Kevin Durant says Andrew Wiggins has 'Hall of Famer, All-Star' potential

OAKLAND, Calif. – Kansas forward Andrew Wiggins has already been projected for stardom by being named to the Associated Press preseason All-America team as a true freshman, and many NBA draft projections have him listed as the No. 1 overall selection next year.

On Thursday night, Oklahoma City Thunder forward Kevin Durant took the Wiggins projections to an even higher level.

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"He's raw, but his ceiling is high. He can be like a Hall of Famer, All-Star, for sure. He's good," said Durant before the Thunder's loss to the Golden State Warriors.

Durant said he watched closely on television as Wiggins and Kansas defeated Duke on Tuesday night. Duke features another talented true freshman forward in Jabari Parker, whom Durant also thinks highly of after working with him at his basketball camp last summer.

Some NBA general managers and scouts aren't convinced Wiggins is the clear No. 1 overall pick, with Parker, Kentucky freshman forward Julius Randle, Oklahoma State guard Marcus Smart and Australian guard Dante Exum in the running.

Durant says you can't go wrong selecting Wiggins or Parker at No. 1.

"That [Parker] kid is amazing," Durant said. "I think he is the best player in the country. Him and Wiggins are like '1A' and '1B.' Those guys are going to do the one-and-done thing, do it early. They are going to do really well in college and lead their teams to, I think, the Final Four. That's kind of like, 'Close your eyes and pick one.' You're good with either one of those guys.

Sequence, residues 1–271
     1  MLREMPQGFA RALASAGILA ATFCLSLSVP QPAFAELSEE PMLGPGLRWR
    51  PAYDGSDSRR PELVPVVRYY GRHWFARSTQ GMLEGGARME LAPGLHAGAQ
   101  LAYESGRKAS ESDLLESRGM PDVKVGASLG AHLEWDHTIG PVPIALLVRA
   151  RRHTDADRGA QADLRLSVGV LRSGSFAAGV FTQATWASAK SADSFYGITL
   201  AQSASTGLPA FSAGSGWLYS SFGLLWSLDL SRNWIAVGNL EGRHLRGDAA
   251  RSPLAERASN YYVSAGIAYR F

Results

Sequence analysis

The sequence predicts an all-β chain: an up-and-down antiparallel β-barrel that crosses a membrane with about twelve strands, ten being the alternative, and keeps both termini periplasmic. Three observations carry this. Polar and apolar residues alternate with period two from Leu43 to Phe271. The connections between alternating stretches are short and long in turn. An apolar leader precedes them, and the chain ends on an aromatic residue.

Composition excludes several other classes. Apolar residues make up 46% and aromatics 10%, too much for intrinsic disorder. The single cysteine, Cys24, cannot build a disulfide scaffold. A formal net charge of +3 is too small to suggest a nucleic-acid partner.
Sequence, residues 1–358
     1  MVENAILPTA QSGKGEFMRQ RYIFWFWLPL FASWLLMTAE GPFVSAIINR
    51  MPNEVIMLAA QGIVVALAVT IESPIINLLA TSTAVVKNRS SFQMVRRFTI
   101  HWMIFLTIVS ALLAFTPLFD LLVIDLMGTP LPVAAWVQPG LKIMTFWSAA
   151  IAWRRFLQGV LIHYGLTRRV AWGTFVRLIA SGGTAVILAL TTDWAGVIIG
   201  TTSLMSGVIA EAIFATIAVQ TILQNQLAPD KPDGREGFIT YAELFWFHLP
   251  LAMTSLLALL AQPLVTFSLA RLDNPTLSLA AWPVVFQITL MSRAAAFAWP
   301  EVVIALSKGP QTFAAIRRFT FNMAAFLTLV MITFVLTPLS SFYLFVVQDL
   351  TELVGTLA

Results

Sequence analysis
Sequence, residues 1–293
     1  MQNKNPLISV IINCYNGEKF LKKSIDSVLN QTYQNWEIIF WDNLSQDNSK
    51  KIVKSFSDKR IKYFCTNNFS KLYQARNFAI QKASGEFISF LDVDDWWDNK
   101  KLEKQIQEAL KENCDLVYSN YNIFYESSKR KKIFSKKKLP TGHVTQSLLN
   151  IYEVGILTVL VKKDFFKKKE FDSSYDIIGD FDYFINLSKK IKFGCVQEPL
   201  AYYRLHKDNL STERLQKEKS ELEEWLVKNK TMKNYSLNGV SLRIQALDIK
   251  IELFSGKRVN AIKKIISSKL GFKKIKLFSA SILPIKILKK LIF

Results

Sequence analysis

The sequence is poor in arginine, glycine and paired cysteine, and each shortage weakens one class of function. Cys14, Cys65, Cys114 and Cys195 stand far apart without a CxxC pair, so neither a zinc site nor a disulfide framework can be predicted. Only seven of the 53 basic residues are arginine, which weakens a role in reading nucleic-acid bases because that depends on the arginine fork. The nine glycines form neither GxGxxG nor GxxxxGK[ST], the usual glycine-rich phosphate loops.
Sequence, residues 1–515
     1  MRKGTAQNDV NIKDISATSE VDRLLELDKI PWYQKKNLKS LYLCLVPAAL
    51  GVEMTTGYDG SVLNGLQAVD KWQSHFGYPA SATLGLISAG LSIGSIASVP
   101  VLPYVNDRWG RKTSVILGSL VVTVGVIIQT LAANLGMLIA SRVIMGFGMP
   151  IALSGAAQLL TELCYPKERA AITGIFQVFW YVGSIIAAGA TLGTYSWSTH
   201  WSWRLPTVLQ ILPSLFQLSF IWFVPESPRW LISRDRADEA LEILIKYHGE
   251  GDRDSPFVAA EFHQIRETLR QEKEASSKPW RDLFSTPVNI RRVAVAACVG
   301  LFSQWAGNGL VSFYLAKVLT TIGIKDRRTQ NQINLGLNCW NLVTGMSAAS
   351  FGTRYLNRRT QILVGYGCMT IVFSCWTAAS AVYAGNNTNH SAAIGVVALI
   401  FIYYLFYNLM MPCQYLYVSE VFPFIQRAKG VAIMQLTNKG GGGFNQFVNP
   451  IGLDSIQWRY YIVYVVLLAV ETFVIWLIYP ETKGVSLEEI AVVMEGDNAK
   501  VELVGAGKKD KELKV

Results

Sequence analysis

"I love Jabari's game. He's so skilled. He has it all right now. Wiggins is on another level with God-given ability. You look at him, you can tell he's going to be really big and fill out a lot. He's really athletic."

Durant said the next generation of basketball players are ahead of the curve in large part because of technology.

"You can basically go to [search] your favorite player and watch film," Durant said. "You can go on YouTube and type in 'LeBron James' and watch every move he does, break it down and work on it. It's simple. When I was coming up you had to figure it out. I'm seeing [young] guys shooting fade-away and Euro-step floaters.

"Where are they getting this stuff? They're just watching these guys thoroughly [on video] and breaking it down. Some of these kids have access to going to my camp, or LeBron's camp or D-Wade's [Dwyane Wade's camp], getting 1-on-1 instruction. It's amazing. The game is growing."